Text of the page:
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Serving: IL

Extension backs new mental health website targeted at farmers

Holly Spangler scenic farmstead
MENTAL HEALTH: While difficult to quantify, depression, anxiety and suicide are more prevalent among agricultural populations than the general public, says U of I’s Josie Rudolphi.
Check out farmstress.org for information on managing and treating depression, anxiety and stress in ag communities.

Looking for mental health support for farmers and the greater agricultural community? Check out the new website farmstress.org.

“May is Mental Health Awareness Month, so it’s an opportune time to unveil this website that will serve as a clearinghouse for stress and mental health resources for anyone experiencing stress related to the many challenges of farming,” says Josie Rudolphi, University of Illinois Extension specialist.

Related: Stress management: What's more stressful than planting?

The website is designed to offer available resources, research and support, sorted by state and topic, through the North Central Farm and Ranch Assistance Center. The center is a 12-state collaborative based at U of I that works to expand access to and knowledge of mental health resources. The 12-state north-central region includes Iowa, Illinois, Indiana, Kansas, Michigan, Minnesota, Missouri, North Dakota, Nebraska, Ohio, South Dakota and Wisconsin.

While difficult to quantify, depression, anxiety and suicide are more prevalent among agricultural populations than the general public, Rudolphi says.

Related: Stress: What helps right now?

Like corn plants dealing with too much cold and rainy weather, farmers can reach a tipping point with their stress loads, too. “There are healthy and unhealthy coping mechanisms,” Rudolphi says.

Plus, COVID-19 has added to the normal stress load with disrupted supply chains, the need to keep workers safe, interrupted school systems and general difficulties in rural communities.

Rudolphi offers four ways to cope with stress:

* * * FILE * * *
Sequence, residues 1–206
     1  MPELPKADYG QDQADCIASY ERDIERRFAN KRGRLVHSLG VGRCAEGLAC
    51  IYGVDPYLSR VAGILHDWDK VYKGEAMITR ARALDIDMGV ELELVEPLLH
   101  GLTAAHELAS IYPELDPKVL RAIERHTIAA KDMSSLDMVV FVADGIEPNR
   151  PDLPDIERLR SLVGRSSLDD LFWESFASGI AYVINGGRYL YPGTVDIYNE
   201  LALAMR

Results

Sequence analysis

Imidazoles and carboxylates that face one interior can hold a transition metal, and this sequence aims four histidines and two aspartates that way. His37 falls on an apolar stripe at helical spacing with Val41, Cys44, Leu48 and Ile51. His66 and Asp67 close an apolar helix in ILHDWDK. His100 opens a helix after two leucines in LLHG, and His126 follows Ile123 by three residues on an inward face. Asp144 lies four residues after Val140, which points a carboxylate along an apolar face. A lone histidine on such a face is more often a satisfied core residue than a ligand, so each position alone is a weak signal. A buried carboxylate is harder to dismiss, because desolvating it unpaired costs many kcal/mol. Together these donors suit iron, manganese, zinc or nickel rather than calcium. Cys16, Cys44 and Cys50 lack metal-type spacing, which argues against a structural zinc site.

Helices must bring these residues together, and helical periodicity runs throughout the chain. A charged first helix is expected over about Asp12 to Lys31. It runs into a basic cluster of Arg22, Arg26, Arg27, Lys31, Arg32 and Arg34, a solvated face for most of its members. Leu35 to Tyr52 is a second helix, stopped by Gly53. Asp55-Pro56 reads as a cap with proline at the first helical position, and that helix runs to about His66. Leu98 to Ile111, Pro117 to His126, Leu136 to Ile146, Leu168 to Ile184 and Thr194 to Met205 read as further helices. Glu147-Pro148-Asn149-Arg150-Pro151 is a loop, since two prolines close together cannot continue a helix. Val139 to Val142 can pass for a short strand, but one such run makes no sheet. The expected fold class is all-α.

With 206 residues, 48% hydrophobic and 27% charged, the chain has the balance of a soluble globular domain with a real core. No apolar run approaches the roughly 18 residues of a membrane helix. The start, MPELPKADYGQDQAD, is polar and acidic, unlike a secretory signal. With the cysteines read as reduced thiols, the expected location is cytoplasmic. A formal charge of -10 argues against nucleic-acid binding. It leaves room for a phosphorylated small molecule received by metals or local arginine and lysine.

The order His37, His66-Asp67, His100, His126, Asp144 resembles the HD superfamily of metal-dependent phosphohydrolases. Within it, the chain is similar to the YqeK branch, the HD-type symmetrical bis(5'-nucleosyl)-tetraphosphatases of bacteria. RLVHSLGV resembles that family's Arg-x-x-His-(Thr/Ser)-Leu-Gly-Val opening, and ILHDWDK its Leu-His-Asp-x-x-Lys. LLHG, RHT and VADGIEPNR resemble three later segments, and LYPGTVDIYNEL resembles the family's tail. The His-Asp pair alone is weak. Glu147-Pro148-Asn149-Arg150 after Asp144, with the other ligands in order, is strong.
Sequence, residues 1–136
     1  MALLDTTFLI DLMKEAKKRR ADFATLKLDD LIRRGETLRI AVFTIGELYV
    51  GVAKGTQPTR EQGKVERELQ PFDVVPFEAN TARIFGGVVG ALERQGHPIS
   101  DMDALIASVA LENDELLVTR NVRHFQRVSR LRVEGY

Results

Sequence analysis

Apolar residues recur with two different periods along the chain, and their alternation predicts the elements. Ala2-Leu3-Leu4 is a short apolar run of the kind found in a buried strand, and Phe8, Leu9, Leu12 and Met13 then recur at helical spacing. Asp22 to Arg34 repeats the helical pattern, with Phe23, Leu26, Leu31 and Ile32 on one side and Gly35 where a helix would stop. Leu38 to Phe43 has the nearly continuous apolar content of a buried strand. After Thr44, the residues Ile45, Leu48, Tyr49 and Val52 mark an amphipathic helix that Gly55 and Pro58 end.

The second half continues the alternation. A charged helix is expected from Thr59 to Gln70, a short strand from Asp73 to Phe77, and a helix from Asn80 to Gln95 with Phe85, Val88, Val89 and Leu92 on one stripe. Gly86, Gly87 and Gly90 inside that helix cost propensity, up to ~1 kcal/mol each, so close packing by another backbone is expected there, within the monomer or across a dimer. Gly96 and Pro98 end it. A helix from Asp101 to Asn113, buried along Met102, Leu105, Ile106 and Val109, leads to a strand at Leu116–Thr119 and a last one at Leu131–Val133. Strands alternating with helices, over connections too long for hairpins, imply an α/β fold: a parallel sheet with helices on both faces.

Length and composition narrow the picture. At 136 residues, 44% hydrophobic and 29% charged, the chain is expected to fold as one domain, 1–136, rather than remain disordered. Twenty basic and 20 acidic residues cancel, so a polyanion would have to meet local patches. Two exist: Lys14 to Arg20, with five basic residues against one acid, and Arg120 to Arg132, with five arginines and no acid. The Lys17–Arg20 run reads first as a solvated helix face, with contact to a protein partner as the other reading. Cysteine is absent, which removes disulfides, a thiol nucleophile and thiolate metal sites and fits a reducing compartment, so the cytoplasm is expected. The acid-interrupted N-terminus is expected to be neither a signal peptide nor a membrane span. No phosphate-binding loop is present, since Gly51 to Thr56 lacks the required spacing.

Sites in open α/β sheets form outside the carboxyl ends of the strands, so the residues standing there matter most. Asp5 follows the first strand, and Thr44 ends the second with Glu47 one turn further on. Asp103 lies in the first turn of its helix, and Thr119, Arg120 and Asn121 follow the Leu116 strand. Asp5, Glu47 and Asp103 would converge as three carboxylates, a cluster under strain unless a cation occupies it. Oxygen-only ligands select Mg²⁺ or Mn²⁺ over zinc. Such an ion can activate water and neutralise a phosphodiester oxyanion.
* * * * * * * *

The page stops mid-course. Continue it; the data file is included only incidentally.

1. Avoid. Avoiding stress is the best coping method, if it’s possible. Plan ahead or change your expectations. Ask: What causes me stress, and how can I avoid it?

2. Accept. Accepting that situations are out of your control frees up energy so you can focus on what you can control. Accept the emotions and feelings you experience. Rudolphi says farmers have a lot outside of their control that they might feel a burden to carry anyway, such as markets, weather, results of COVID-19. “We can’t control any of this. When you realize you can’t fight it, it frees up energy,” she says. Ask: Am I able to control this?

3. Adapt. Adapting may include changing expectations. In extreme stress, don’t let perfect get in the way of good. Reframe and look for the silver lining. Ask: How can I adapt to situations?

4. Alleviate. Some strategies are healthier than others. Substance abuse, binge drinking and binge eating are not healthy strategies. Hobbies, exercise, relaxation and diversion (TV, for example) are healthy ones. “If you’re having an extremely difficult time, consider what would improve your mood, and whatever that is — assuming it’s healthy and legal — is something you should try to do,” Rudolphi says. Ask: What can improve my mood right now?

Illinois Extension is holding a mental health webinar on June 29, from 8 a.m. to 3:30 p.m., called Mental Health First Aid for the Agriculture Community. The conference will cover mental illness symptoms, substance use signs and addictions, crisis interaction, trauma and self-care.

TAGS: Rural Health
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